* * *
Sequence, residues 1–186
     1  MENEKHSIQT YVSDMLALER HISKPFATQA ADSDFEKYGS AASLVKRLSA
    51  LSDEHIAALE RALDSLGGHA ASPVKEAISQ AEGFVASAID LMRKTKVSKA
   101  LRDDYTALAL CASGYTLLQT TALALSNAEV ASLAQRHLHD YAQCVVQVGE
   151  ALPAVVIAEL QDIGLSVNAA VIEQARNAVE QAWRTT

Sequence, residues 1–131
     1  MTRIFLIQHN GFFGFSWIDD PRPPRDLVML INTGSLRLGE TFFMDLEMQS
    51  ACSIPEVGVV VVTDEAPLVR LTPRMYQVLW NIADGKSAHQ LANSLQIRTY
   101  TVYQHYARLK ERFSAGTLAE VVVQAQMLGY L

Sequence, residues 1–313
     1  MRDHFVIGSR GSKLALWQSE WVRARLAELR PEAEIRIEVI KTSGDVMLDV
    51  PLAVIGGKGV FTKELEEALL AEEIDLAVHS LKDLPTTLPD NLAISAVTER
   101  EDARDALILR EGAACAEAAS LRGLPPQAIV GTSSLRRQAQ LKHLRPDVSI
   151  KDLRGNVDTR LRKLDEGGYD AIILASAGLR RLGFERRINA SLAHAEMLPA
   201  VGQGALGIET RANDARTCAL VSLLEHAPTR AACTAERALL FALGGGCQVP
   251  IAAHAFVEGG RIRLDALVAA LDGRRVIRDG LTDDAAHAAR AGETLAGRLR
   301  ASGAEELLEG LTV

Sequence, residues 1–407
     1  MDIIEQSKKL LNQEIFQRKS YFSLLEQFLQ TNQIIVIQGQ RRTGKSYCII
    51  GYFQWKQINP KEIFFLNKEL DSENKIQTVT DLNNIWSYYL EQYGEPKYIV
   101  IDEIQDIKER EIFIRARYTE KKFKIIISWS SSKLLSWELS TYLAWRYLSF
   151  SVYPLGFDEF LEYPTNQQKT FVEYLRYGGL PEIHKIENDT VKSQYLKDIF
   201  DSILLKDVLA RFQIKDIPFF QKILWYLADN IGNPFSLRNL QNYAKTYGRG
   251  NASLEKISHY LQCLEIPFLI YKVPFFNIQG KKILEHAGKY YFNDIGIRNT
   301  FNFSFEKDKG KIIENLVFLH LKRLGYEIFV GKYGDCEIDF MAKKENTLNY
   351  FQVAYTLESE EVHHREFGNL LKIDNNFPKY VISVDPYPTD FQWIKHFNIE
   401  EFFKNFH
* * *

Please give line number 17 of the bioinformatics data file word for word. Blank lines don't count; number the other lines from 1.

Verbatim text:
   301  ASGAEELLEG LTV